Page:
The Death Of Average – Our Next World Crisis
We recently engaged in an interview with a policy leader with a top university in Canada. One critical trend we all need to be aware of which is fast bringing forth our next world crisis is “The Death of Average”.
We have written before where futurists predict that over 2 billion jobs will be gone by 2030 due to Artificial Intelligence and Robotics! This is generating great turmoil in the world. Unfortunately, most people are not ready for this next world crisis – they lack the life skills required to be self-made and self-reliant, especially in the fast changing digital economy.
People have become complacent thus resulting in average every day jobs now being displaced by technology from their once secure and demanded job. In fact studies now show the trend escalating quite quickly due to the fact that 47% of Americans can’t come up with $400 in an emergency unless they borrow the money or sell something.
“The death of average has begun to weave its way in society today”.
The first wave of job loss is taking place in blue color occupations that have big incomes with relative low ability and what is referred to as the “Death of Average” (for example jobs in mining, oil resource development, taxi drivers, couriers, postal workers, farming, etc.) just to name a few. These are jobs that demand below average ability, where no one is working globally and are likely a high school graduate or dropout.
“The fast pace of technology and the demand for cheaper goods will ensure the further growth of AI and robotics – even China is going through this same transition, albeit to a lesser extent.”
The second wave of job loss will happen in the white collar professions. For example, jobs in law, medicine, and accounting will be affected and displaced with technology were many of the functions research functions once needed to be done by a human can now be done by a robot. In many law schools we are starting to see a decline in enrollment. We are also seeing the emergence of robot doctors now doing diagnosis of people. Wearable technological tools such as Fitbits or your phone will soon be able to give a more accurate assessment of your personal wellbeing than your personal doctor.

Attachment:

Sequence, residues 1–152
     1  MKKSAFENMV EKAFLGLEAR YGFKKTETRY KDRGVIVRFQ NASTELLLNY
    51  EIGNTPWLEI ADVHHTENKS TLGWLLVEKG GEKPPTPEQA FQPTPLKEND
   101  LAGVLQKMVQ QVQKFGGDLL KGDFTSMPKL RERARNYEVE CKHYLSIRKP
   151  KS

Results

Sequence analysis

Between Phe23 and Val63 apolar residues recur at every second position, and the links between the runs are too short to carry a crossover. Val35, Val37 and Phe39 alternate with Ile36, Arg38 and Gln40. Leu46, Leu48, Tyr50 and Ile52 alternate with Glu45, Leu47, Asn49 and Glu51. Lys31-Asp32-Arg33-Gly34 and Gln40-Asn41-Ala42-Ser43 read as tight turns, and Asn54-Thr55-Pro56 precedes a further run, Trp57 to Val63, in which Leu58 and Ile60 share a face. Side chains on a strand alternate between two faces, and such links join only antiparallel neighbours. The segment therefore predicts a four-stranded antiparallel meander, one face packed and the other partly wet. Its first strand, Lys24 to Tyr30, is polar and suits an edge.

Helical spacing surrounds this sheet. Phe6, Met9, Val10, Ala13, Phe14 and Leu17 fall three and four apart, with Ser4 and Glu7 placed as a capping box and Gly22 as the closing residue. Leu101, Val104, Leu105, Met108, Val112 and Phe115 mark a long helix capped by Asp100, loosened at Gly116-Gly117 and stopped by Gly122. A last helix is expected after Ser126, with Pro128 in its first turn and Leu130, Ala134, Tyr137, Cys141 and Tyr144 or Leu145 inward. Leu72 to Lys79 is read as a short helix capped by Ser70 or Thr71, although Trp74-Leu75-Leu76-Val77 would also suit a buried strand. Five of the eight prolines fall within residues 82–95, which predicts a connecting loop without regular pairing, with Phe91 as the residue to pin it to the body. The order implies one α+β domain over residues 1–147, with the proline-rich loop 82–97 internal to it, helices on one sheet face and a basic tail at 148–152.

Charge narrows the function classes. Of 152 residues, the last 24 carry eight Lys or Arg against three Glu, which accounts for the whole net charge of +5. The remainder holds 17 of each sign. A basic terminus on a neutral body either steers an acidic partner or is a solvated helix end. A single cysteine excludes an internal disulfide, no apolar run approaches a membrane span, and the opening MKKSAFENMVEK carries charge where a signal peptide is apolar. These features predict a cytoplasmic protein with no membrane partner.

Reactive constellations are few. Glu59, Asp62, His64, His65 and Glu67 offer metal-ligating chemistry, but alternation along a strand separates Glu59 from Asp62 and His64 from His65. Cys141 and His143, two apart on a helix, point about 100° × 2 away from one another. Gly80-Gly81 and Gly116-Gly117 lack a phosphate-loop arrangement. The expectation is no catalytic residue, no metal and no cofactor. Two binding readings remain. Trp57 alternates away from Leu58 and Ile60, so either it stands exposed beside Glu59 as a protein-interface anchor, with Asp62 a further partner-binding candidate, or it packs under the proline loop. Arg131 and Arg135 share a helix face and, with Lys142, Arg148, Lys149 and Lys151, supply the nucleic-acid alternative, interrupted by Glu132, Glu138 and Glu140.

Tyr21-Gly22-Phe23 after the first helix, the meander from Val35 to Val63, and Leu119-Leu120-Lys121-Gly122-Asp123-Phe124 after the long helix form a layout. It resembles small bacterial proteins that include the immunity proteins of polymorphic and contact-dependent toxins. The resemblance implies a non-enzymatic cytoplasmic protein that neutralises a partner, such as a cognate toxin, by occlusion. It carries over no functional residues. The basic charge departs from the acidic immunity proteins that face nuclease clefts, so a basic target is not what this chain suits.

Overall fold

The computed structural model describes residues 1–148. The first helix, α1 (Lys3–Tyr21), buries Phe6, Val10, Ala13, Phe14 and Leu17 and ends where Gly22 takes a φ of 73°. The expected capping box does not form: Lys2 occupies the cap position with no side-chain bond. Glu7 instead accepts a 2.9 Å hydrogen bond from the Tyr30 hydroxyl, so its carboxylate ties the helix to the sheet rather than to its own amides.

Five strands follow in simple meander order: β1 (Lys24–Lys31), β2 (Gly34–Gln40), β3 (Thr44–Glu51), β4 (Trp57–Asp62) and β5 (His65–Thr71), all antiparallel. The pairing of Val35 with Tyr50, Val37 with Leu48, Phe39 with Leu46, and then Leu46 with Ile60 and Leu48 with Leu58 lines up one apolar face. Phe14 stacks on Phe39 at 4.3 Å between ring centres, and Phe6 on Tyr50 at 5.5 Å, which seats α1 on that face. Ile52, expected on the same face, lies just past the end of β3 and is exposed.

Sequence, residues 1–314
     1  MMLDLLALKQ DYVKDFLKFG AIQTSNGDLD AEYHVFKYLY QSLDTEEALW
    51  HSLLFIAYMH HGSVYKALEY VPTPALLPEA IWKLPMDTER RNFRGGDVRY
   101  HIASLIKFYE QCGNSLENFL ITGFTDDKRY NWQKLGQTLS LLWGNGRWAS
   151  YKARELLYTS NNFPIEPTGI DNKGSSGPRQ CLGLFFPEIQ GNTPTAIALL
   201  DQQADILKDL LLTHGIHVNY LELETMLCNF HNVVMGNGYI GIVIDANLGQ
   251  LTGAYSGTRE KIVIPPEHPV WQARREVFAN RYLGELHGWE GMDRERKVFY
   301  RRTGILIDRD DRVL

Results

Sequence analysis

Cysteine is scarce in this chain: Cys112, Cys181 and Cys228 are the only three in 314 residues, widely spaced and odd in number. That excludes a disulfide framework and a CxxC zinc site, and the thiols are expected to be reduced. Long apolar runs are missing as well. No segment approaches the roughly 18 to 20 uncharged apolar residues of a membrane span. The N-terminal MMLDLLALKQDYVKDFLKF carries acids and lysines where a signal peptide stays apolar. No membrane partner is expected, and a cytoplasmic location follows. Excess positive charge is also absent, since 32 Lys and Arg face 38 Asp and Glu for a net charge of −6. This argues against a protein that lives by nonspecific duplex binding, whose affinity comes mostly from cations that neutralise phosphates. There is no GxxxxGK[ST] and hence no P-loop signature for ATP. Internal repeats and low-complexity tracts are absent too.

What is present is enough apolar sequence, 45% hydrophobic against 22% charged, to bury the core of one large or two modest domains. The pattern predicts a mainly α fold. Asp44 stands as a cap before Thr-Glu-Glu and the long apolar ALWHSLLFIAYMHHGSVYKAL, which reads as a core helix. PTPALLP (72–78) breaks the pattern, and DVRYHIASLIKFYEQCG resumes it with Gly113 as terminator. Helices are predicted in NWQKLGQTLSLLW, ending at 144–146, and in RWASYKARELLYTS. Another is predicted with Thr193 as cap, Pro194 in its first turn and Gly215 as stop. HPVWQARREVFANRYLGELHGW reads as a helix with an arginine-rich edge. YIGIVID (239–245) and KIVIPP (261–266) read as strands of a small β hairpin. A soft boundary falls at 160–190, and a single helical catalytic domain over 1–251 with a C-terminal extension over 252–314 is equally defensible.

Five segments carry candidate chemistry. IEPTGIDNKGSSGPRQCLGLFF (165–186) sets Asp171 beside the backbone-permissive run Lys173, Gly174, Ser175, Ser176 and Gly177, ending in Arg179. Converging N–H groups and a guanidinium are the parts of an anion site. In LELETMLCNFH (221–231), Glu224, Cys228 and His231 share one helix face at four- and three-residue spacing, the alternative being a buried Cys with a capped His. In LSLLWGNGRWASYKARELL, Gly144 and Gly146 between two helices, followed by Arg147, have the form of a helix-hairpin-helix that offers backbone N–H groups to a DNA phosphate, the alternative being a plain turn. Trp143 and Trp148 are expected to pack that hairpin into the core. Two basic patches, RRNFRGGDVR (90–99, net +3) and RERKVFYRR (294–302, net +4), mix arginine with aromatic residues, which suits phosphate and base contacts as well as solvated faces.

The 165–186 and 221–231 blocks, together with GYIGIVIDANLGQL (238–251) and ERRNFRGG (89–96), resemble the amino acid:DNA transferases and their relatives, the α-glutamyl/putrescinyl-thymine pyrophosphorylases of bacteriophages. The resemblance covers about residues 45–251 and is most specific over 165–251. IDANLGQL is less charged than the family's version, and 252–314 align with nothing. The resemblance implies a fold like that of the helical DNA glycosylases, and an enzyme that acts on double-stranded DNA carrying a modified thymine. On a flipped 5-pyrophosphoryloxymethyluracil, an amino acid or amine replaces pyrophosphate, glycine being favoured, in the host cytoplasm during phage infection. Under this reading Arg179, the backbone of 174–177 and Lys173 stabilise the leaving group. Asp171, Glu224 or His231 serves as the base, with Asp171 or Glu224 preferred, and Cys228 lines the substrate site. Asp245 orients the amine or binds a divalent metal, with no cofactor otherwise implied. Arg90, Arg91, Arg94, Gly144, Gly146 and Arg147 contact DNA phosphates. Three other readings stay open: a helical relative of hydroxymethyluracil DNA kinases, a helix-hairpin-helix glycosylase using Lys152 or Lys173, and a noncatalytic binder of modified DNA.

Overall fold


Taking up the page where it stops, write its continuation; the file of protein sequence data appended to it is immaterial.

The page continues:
“70% of our medical care in the future will be done on our smart phone or fit bit.”
How Do We Survive The Death Of Average & Thrive In The New Digital Economy?
We have had it relatively easy as the natural resource economy provided for high incomes bringing forth increased government spending and jobs. But things have changed and competition is global and it is fiercely pushing all of us to become better, stronger, faster and more self-reliant.
We all need to wake up and pull our head out of the sand and recognize the impact of these technological trends will have on our livelihood if we don’t change. Although some of these trends present dire consequences, they also elicit tremendous opportunity for each and every one of us.
“We need to harness entrepreneurial skills in the digital economy to determine our own destiny.”
The challenge we have is that many people are risk adverse. They are not entrepreneurs and choose to get to and stay in the middle class by professions. The other challenges is that our schools are training people for vocations that will not exist in the very near future and our business schools are training people to be managers not entrepreneurs.
The skills we need today must be highly transportable: “live where you want – work globally.” The products and services we provide the world must be able to be delivered over the Internet. As long as we have a laptop and Internet connection we are in business – this is the way of the future.
“People that make the transition from average employee to skilled entrepreneur in the digital economy will do well in the world by creating wealth and abundance not only for themselves, but also for their communities and those around them.”
In doing so, they will be able to avoid the “Death of Average” by transitioning from reliance on their current job or occupation that is constant threatened by technology –and actually thrive with a life of freedom, self-reliance, and total control by using technology to their advantage in the digital economy.
Doug Howorko & George Tsougrianis